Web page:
Staying Awake During Alaska’s Short Winter Days

A December sunrise in Anchorage lights up the sky and snowy treetops. At 9:45 a.m., I might add.

Every year, the discussion surrounding an impending switch from Daylight Savings to Standard time. We know it’s coming; my home in Anchorage, located in Alaska’s Southcentral region, begins losing as much as six minutes per day of precious light in October. Cities located farther north, like Fairbanks or Barrow, lose light, faster, and the residents of Barrow, Alaska, by the way, will soon bid the sun a winter farewell and welcome it back in early 2015.

Get outdoors, even if it means a short snowshoe party at your local park!

Get outdoors, even if it means a short snowshoe party at your local park!

New residents of Alaska, wintertime visitors, and those curious about winter in Alaska ask one question: “How the heck do we/you deal with this?”

After two sons and nearly 10 years of Alaska residency, plus the tenacity and dedication of parents before me, I have an answer, and a message.

Don’t let darkness prevent your family from living, working, or playing in the 49th state. It is not only possible, but probable, that your kids will have the time of their lives experiencing this dusky, cold, winter atmosphere for which Alaska is famous. Embrace it. Live it. Learn to love it.

Learning to love the dark winter days is a process. But once achieved, it's a great time to see the real Alaska.

Learning to love the dark winter days is a process. But once achieved, it’s a great time to see the real Alaska.

Here’s how: 

Get outdoors. Yes, you can. Bundle up, gather your light-emitting devices, and head out into the night. Anchorage offers miles and miles of lighted trail systems and parks perfect for skiing, walking, or sledding your merry way around town. Find a complete listing here, but consider our favorites: Goose Lake Park, Tony Knowles Coastal Trail, and Kincaid Park. Most elementary schools around Alaska also offer sledding hills, and even a round of neighborhood walking helps prevent the 4:30 p.m. sleepies.

Stick to your family routine. In a previous blog post, I shared some tips for sleeping during the summer months when all is light and sweetness and noise. Just reverse that during an Alaska winter, but with the same notion of routine. While an hour of difference may cause kids to be hungry or tired earlier than ever, in addition to the obvious starry night outside, sticking to a routine will only help the situation. Eat dinner at the same time, even while vacationing. Wake up at a regular time, or close to it. Fill empty minutes with a deck of cards, a board game, or an exploration of your hotel, if visiting. Resist the urge to watch television, play or view movies on tablets/laptops, etc.; we find the mood shifts toward cranky, very fast.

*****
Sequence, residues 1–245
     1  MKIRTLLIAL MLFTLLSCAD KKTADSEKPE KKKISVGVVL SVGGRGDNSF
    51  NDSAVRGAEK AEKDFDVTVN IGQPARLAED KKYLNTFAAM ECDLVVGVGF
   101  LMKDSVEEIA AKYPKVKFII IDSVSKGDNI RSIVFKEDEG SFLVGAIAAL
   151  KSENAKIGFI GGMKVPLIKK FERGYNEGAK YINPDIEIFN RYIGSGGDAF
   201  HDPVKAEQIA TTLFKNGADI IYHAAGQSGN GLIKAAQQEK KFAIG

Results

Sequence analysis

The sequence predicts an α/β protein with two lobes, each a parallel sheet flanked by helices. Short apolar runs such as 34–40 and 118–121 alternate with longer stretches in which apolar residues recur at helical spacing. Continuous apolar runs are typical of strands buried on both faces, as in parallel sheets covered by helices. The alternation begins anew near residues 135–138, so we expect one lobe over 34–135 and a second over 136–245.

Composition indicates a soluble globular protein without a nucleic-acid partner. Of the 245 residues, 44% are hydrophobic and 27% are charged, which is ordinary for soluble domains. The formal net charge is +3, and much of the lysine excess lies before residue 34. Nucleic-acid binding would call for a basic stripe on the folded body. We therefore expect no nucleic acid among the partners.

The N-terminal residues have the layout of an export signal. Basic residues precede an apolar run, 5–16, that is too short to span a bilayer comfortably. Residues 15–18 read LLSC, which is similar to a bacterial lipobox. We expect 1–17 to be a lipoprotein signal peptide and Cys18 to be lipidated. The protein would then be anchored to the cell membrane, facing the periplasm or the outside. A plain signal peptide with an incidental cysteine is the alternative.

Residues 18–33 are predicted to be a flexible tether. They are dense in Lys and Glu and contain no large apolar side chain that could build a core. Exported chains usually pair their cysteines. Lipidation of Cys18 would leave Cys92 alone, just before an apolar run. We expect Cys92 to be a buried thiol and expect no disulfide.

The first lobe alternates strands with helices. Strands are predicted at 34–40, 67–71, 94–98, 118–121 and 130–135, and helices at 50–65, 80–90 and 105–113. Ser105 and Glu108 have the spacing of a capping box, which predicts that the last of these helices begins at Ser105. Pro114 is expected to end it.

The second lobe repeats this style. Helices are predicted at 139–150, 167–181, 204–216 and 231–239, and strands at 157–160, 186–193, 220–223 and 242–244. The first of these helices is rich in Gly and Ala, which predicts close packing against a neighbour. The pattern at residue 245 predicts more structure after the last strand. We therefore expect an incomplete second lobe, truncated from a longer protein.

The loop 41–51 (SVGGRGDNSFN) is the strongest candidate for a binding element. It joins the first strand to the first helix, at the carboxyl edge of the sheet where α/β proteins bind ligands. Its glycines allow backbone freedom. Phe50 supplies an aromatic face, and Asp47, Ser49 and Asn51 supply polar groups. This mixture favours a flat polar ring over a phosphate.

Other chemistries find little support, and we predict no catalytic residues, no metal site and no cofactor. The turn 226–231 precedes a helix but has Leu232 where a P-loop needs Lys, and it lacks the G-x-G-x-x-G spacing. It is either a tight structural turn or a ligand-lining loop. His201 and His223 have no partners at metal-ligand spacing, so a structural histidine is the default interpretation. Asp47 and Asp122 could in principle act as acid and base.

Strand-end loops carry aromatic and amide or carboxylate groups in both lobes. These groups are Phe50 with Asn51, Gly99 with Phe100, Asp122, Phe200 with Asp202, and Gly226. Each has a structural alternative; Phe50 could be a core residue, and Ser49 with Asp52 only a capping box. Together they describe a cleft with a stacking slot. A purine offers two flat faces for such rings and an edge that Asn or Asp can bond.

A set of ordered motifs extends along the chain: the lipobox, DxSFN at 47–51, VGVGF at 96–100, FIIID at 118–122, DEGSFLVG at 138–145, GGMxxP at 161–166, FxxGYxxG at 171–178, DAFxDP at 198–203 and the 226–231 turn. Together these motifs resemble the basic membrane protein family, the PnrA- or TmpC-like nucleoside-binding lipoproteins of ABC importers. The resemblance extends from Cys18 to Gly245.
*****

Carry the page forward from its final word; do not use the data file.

Find an activity or event. If ever there was a state who promoted efforts to keep families moving and grooving during the winter, it is Alaska. Events abound during the winter months, and city visitor bureaus can assist you with finding an activity or festival meeting your family’s needs. Try the North Pole Christmas in Ice, or Anchorage’s First Friday events (Bunny Boots and Burn Barrels is this Friday, FYI), or Sitka’s amazing Jazz Festival each February. Find a great listing of events on our website, here.

Be patient. Bodies need time to adjust to the feeling of eternal daylight, which might discourage those making vacation plans for the short-term. However, following the above guidelines, and keeping the faith will allow your family to discover what most Alaskans already know; nighttime is an amazing time. Look for more posts related to evening entertainment as we creep closer to the holidays.

Some places, like the Girdwood and Alyeska Resort areas, don't see much sun during the winter months. This photo was taken at around noon shortly before Winter Solstice on December 21.

Some places, like the Girdwood and Alyeska Resort areas, don’t see much sun during the winter months. This photo was taken at around 1 p.m. shortly before Winter Solstice on December 21.

Okay, most of the time my strategies work.

Okay, most of the time my strategies work.

 

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